Neuromuscular training for cycling: what is it and how does it work?

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Your body has three energy production systems that you tap into when exercising. Intensity and duration are what determine which of these pathways acts as the main source: the phosphagen or ATP-PC system, the glycolytic or anaerobic system, or the oxidative or aerobic system.

Since cycling is an endurance sport, your body uses the aerobic system as your primary method of generating fuel. However, there are times when cycling requires all of our power-generating capacity to keep up with the demands of the sport.

What is the neuromuscular power zone?

The neuromuscular power zone encompasses very short, very high intensity efforts. These generally affect the musculoskeletal system more than the metabolic system.

In theory, the neuromuscular power zone uses the phosphocreatine or ATP-PC energy system. This is the fastest way to provide energy and power to muscles working at maximal efforts of less than fifteen seconds.

The neuromuscular power zone uses stored ATP and creatine phosphate (CP) to create energy anaerobically.

Why does the neuromuscular power zone matter in cycling?

The neuromuscular power zone comes into play when you need an immediate source of energy. Examples include attacks, starts or short sprints that require immediate, maximum power.

Because this power zone is only accessed for a very short interval, the total time spent in it is much less than in the other zones. However, the situations where  the neuromuscular power zone is needed are often critical and decisive in competition.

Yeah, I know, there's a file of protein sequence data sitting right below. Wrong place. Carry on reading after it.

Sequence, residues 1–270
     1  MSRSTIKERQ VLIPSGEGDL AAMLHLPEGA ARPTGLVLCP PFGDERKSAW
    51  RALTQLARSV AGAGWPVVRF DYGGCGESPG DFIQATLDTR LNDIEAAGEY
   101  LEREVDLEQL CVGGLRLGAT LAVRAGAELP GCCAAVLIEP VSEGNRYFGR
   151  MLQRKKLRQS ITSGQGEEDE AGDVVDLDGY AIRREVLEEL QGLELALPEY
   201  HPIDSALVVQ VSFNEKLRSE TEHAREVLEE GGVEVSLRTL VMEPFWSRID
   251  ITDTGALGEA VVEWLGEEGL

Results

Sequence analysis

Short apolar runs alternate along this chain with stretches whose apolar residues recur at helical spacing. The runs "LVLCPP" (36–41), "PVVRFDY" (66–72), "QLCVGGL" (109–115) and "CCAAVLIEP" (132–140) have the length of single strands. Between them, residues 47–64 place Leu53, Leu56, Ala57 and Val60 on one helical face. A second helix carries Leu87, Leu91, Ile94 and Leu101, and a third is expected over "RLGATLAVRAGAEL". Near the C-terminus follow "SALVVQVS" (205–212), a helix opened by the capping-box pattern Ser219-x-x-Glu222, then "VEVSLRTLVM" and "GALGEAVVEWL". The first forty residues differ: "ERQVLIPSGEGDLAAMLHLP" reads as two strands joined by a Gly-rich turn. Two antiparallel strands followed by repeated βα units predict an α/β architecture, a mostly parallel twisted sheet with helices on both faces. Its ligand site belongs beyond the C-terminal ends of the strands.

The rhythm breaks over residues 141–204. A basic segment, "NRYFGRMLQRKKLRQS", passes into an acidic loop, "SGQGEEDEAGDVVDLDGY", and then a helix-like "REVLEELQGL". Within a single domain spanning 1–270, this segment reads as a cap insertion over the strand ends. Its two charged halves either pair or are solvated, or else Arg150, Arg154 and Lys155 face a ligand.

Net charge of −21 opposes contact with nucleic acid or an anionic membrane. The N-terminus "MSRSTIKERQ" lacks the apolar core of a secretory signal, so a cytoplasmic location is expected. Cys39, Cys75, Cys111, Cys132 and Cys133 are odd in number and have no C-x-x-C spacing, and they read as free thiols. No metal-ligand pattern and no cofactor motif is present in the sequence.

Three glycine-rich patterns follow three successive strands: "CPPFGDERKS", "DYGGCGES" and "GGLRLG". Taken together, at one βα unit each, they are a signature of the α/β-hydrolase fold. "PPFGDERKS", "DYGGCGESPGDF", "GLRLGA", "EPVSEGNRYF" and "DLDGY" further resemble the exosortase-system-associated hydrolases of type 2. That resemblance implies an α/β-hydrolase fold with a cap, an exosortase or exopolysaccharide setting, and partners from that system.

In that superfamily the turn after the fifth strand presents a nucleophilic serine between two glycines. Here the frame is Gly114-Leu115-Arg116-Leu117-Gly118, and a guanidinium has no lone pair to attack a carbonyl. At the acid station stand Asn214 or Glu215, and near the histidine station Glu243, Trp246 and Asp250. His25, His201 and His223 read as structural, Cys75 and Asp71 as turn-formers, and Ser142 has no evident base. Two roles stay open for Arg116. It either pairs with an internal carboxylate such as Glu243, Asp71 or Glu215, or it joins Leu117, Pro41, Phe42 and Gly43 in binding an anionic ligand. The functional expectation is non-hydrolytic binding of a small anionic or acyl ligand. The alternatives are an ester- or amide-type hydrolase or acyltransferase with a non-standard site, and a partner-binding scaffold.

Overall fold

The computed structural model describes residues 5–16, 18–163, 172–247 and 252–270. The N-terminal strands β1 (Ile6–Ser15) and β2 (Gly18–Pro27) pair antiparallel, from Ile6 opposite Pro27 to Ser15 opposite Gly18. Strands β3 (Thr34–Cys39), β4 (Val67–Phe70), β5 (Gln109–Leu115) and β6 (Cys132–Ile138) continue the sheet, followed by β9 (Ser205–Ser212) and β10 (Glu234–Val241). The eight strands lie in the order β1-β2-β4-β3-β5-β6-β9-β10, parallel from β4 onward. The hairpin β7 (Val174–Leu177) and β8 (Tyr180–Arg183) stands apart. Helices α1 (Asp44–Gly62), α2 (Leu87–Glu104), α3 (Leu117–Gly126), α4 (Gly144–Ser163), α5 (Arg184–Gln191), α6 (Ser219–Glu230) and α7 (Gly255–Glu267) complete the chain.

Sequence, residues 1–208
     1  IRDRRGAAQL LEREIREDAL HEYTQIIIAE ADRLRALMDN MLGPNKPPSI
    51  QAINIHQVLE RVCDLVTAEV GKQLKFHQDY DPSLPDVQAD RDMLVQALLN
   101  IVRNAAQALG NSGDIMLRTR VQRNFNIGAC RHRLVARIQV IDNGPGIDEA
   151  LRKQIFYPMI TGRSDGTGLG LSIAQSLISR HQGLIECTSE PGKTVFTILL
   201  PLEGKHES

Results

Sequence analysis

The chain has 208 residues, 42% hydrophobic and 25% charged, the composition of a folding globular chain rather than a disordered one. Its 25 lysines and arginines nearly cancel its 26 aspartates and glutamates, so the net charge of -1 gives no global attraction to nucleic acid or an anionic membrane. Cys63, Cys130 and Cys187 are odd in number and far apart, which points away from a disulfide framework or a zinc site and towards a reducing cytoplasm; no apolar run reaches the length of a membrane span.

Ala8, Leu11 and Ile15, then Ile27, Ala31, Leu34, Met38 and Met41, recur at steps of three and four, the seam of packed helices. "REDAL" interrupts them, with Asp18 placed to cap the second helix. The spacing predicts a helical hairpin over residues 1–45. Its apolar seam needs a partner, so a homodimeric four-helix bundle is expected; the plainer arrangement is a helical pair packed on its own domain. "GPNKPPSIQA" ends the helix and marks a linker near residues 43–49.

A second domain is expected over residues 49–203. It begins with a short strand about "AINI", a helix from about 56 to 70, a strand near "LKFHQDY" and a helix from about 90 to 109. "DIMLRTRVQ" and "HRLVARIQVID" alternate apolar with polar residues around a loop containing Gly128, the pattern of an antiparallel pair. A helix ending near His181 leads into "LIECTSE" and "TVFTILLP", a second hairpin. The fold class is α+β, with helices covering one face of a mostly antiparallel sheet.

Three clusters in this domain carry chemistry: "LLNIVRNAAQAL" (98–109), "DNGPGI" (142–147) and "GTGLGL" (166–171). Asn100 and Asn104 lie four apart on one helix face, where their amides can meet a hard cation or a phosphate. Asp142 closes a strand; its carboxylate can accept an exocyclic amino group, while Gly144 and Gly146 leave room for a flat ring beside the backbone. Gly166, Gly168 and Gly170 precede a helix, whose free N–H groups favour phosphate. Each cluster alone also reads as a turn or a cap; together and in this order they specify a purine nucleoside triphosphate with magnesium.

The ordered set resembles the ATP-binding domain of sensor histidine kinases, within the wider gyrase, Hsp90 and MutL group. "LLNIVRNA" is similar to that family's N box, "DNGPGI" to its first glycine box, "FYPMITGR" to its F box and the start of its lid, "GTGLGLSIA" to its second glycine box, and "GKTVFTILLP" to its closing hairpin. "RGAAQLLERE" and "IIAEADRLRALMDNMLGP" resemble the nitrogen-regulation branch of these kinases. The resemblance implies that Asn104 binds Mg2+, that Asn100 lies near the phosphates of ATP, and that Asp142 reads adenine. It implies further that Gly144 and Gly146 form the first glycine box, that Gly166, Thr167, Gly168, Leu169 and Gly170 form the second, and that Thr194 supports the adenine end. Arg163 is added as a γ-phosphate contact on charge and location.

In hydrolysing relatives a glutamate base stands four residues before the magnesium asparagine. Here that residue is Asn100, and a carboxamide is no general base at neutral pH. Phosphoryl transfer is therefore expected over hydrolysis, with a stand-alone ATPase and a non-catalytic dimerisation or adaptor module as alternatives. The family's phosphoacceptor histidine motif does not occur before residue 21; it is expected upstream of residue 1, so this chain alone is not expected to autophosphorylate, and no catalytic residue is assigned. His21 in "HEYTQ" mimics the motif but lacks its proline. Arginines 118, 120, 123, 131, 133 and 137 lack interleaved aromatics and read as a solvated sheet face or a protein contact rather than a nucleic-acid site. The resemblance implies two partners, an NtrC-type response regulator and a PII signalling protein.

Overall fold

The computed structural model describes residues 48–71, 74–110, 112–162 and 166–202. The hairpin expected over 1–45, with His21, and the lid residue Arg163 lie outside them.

The amount of neuromuscular power available is limited, and rest or low intensity riding is required afterward. That’s why the maximum power of your sprint is reduced after successive attempts. It’s also why you want to limit your time in the neuromuscular power zone so it’s accessible at the most decisive moments.

A good way to understand neuromuscular power is to look at it like a high-power battery: it produces a lot of energy and doesn’t last long, but it is rechargeable with a little rest.

How much exactly? It depends. The rate at which creatine phosphate is replenished depends on the degree of exhaustion, muscle acidosis and the type of muscle fiber.

This means that your body will have difficulty replenishing both creatine phosphate and ATP if reserves are greatly depleted or muscle acidosis is high.

Neuromuscular training for cycling: improving your maximum power output

A more prepared aerobic system can influence recovery time. If you have a good aerobic engine, you will be rewarded with more neuromuscular power: the higher the aerobic capacity, the less dependent you’ll be on the other two systems. You’ll be able to save that maximum power for when it’s needed most.

On the other hand, the best way to develop good neuromuscular power is to increase efficiency. To do this, combine strength training sessions and pedaling technique exercises. Improving torque and cadence will help increase your production of maximum power.

Examples of neuromuscular training

  • Pistons: these are sprints that start from a standing position. Choose the hardest gear you can turn over, applying maximum possible force without exceeding 90 rpm in 12 pedal strokes. Perform five repetitions of 10 and 12 seconds with plenty of rest in between. This can be done both standing and seated.
  • Spin-Ups: this is a simple exercise and a great tool for strengthening neuromuscular pathways, which translates into greater coordination and more efficient motor torque. Choose a medium cadence and increase as quickly as possible. The goal is to go from normal cadence to maximum cadence in the shortest time possible, and maintain it for about ten seconds.
  • Long High Cadence: long intervals with a cadence around 100 rpm. This is an ideal exercise for trainer sessions, as it allows you to concentrate on cadence without distraction. Start with sets of 5 to 10 minutes and increase the time progressively as you feel more comfortable.

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